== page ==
Recently I had the opportunity to fly with both of my young children for the very first time. We’ve traveled many times together, but it has always seemed more practical to take road trips, for one reason or another. I’d grown accustomed to the freedom of packing a big crate (or two) of toys and books and crafts in the backseat to keep them entertained in the long hours of travel. There was always a little more room to stash a handful of pencils, or one more favorite doll.
The plane trip was less forgiving, in more ways than one. After that experience, and the anticipation of more flights in our near future, I dreamed up this little trinket tote. It provides a finite amount of storage for small playthings, as well as a catchall for found objects in our destination — we can count on every adventure leaving us with heavy pockets full of pebbles or shells. When opened it becomes a little play mat for tiny things. I’ve designed this one for my son’s little collection of miniature cars, but I believe the merit of this project is in what it might inspire you to create for your child. An ocean, a fairy garden, a jungle, or a cityscape — no matter what, a few scraps of fabric is all you need to make a handy trinket tote and creative play mat for travel.
Tiny Car Travel Tote
Two 15 x 15 fabric scraps – for bag outer and playmat background
Gray or black wool scraps for road
Blue wool scrap for lake
Ribbon or twill tape for drawstring
Yellow embroidery floss
Air-erasable pen or chalk pencil
A note on materials: I used only materials I had on hand in my scrap bin. The gray wool was from a moth-eaten blazer I’d used in another project. You can choose any palette you wish; I chose simple bright fabrics for ease of demonstration. I recommend using a scrap of Peltex for the bridge and stabilizer for underneath the road. You might also find benefit in using double-sided fusible interfacing to secure your applique before sewing.
Begin by cutting the bag outer and playmat background to size. I chose 15 x 15 inches because the final 10 x 10 play area will fit on an airplane tray table. Set aside the bag outer for later.
Use a piece of paper or cardboard to make a 10 x 10 inch square as a template. Center it on top of the background fabric as shown in the diagram. Mark the edges of the working space with an erasable pen or chalk so you can visualize the boundaries of your design.
On your 10 x 10 template, sketch your road or water designs. If you want to create a little bridge, as I have, add an inch of fabric on the end of the road when you cut it so you have extra to work with.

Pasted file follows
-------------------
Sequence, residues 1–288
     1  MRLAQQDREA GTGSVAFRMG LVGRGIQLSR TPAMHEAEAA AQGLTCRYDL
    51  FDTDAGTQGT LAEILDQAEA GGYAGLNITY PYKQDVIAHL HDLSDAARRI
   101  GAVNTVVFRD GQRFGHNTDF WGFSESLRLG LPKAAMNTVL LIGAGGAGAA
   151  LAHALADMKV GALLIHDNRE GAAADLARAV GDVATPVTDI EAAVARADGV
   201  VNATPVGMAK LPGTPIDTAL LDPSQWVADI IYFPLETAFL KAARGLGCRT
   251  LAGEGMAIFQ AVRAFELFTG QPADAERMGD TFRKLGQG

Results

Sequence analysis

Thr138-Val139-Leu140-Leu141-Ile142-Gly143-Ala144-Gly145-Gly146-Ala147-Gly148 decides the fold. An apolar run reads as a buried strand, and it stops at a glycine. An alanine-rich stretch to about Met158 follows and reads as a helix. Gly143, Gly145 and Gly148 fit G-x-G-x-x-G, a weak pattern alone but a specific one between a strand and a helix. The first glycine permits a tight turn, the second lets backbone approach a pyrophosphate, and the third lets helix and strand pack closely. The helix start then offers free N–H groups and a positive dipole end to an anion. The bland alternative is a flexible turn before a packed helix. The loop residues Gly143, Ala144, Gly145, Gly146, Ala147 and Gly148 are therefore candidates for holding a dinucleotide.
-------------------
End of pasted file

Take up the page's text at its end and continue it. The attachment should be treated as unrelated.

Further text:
Once you are satisfied with your design, cut the elements out of felt and arrange them on the background fabric.
Attach the pond and stream by pinning carefully and stitching close to the perimeter around the entire piece.
To prepare the bridge, measure how long you want the bridge, then cut a strip of Peltex and a matching strip of gray wool. Sandwich the interfacing in between the pieces of wool and edge-stitch them together just in the bridge segment.
Next carefully pin the roadway down. Leave the bridge and roadway beyond it unpinned for now. Machine-applique the road onto the background, beginning and ending the stitching at the very edge of the bridge, backstitching to secure.
Now position the bridge and pin the rest of the road in place, trimming off any excess. Stitch down the remaining road.
Using embroidery floss and a tapestry needle, handstitch a center dashed line down the road. When you reach the bridge, shift from catching the background fabric with the needle to just stitching through the two layers of wool. Once the bridge meets the ground on the other side, continue as before.
Assemble the Bag
The tote can be finished in two different ways.
Place wrong side of bag inner together with wrong side of exterior fabric and use double-fold bias tape to finish all four edges.
Place both pieces of fabric right sides together and stitch using a ½ inch seam allowance. Leave a generous opening, near the bridge, for turning. Turn and clip corners, and use a turning tool to straighten the seams. Press. Edge-stitch around all four sides to finish.
For either method, once the bag inner is sewn to the bag outer, fold down each corner towards the outside of the bag.
Leaving a channel for the drawstring, stitch along each flap parallel to the fold. Thread one long ribbon through each of the four channels. Secure the ends together in a knot, making sure that the bag will lie fully open.
To close the bag, simply cinch tight. Fill with tiny trinkets and stash in your carry-on for some easy creative play.
Bernadette Emerson is Co-Editor and Publisher of Rhythm of the Home. She enjoys sharing art, craft, and music with her young children and community. She has recently moved with her family from Colorado to the Midwest, where she is enjoying all that life has to offer.